Wealth-building strategies seek out underused local assets and tap into money leaking out of communities, such as laundry that is outsourced. By paying a living wage, and providing benefits, training and ownership opportunities to low-income residents, wealth builders hope to improve the economic and social outlook for people living in distressed areas.
A living wage is the amount of income it takes to pay for basic living expenses such as food, housing, child care and medical care, Clewer said.
According to RHA figures, a living wage in Winnebago County is $10.07 an hour for an adult living alone; $22.02 an hour for an adult and one child; $26.07 an hour for an adult and two children; and $33.83 an hour for an adult and three children. Minimum wage is $8.25.
In Rockford, there have been discussions with SwedishAmerican Health System, MercyRockford Health System and OSF Saint Anthony Medical Center about an industrial laundry, Clewer said.
Hospital laundry was what Evergreen targeted in Cleveland, which it believed would provide all the work it could handle. It was more work than it could handle.
“We should have been focused on lower-tiered sectors — clinics, nursing homes, hotels — bites we could swallow early on as opposed to going after the big boys,” said Evergreen Cooperatives CEO John McMicken.
“It took many years for that to come to fruition.”
Evergreen’s businesses — it also operates an indoor hydroponic farm that grows tons of vegetables and an energy services concern that does solar installations, weatherization and cleanup work — have been widely followed nationally. It now employs 110, 40 of whom have ownership investments in their business, said McMicken. About 40 percent are ex-felons. Workers earn about $12 an hour.
While the businesses are doing better now and providing more opportunities, Cleveland has more than 40,000 people who earn less than $18,500 a year.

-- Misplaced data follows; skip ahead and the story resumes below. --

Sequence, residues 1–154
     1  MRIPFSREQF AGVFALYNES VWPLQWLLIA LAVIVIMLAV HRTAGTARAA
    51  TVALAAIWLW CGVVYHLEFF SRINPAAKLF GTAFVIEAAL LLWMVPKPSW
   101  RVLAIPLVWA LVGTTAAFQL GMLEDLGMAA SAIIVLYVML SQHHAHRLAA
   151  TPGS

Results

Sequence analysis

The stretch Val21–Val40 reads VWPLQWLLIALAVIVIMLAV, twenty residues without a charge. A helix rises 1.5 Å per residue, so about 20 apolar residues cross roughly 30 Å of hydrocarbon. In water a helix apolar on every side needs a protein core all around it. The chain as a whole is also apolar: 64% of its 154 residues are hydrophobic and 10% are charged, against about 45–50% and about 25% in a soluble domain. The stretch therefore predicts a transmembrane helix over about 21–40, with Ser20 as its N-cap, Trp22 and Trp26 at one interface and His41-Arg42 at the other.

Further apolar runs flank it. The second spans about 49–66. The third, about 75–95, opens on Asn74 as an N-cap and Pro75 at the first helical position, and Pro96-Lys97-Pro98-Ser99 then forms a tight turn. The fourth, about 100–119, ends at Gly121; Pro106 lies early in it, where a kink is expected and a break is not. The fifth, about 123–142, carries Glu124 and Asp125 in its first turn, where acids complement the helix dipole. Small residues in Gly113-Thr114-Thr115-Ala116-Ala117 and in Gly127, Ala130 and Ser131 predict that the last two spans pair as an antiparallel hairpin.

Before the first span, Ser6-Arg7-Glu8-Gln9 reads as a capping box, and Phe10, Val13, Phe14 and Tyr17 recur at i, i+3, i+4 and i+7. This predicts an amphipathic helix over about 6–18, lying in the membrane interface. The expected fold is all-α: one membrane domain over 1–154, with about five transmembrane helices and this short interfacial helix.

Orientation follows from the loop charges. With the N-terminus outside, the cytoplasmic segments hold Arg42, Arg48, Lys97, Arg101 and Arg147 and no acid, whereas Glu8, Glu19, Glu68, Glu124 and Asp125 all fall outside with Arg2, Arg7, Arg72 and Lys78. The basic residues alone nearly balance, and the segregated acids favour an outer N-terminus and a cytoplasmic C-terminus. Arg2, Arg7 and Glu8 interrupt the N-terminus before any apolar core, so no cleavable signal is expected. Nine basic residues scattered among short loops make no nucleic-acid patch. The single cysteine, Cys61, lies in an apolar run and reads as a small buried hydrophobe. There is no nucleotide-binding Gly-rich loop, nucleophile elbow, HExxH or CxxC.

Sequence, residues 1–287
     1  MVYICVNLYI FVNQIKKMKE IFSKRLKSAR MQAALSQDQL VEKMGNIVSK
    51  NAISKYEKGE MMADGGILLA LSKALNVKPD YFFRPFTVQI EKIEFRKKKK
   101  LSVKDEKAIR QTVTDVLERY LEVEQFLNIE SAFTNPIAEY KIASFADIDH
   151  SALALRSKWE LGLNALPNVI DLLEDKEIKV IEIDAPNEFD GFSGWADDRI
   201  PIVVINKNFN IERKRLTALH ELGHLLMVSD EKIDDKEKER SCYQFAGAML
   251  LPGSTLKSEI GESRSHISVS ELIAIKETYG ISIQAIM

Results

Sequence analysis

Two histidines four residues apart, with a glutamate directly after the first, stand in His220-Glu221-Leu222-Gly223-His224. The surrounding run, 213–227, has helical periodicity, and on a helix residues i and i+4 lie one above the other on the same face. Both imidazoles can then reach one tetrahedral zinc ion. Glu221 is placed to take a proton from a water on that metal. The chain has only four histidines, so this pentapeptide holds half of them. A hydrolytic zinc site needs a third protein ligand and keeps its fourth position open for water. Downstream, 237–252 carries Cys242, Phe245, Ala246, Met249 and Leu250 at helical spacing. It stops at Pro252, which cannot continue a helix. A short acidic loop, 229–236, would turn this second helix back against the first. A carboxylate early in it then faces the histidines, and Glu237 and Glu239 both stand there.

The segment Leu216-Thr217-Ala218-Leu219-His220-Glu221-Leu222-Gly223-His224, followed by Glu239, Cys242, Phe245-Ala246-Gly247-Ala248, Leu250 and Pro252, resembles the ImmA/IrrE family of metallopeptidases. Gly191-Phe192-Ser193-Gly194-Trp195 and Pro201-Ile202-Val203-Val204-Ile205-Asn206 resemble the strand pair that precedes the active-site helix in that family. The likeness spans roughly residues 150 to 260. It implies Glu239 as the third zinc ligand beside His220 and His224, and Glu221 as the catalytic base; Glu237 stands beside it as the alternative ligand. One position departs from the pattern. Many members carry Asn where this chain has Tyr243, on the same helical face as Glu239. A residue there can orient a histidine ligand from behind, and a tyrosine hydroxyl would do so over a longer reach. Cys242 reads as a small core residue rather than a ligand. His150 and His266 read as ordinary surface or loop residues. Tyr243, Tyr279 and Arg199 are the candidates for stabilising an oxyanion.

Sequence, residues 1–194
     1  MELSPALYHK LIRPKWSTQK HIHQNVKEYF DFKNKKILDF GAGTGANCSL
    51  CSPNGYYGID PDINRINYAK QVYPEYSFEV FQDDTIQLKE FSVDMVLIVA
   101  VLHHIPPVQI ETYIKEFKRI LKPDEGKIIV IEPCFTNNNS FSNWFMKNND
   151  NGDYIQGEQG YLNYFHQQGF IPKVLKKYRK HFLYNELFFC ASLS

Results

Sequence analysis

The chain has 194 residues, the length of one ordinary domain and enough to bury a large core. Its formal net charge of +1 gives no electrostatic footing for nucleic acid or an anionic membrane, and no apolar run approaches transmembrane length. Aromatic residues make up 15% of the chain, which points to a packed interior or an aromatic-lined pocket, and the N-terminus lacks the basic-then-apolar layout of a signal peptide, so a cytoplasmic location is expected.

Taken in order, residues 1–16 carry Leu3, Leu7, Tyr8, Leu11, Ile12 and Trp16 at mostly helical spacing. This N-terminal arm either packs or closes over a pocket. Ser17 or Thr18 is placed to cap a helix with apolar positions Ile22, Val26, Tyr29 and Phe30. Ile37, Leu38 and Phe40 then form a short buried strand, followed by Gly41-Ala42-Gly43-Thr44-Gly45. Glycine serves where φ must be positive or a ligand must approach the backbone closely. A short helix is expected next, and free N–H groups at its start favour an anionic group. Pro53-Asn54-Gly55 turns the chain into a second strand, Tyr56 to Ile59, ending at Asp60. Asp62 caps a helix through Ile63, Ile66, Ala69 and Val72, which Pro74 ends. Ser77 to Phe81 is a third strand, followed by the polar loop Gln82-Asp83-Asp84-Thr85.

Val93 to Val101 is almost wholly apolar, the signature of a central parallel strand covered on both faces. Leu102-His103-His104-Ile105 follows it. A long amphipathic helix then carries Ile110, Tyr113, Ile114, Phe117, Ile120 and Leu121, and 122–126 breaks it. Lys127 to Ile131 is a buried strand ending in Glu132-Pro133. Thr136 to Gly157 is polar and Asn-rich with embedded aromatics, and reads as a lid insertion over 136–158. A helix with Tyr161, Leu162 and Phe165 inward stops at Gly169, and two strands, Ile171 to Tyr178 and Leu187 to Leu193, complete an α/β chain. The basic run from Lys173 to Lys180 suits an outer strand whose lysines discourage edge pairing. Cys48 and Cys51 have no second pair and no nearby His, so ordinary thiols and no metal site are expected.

McMicken said the cooperative continues to look at more business opportunities.
There have been many glowing stories written about Evergreen and the wonderful things it is doing. In 2014 cooperative leaders gave unprecedented access to Steve Friess, a former Register Star reporter who taught journalism at Michigan State University. They wanted a story that went beyond the hype of turning low-income residents in to worker-owners.
Friess chronicled mistakes and lessons learned, especially when it came to creating markets for products and services, and managing expectations of worker-owners in menial jobs, such as folding laundry.
Page 3 of 3 – “A living wage job is a great way to start, but you need to build career and long-term strategy,” McMicken said.
Clewer said there are lessons to be learned from Evergreen and should a business plan be deemed feasible, those lessons would be incorporated.
“I don’t want to create something just because we may be able to create it, and then find out that people struggle with it for years,” Clewer said. “My goal is to have a real winner out of the box.”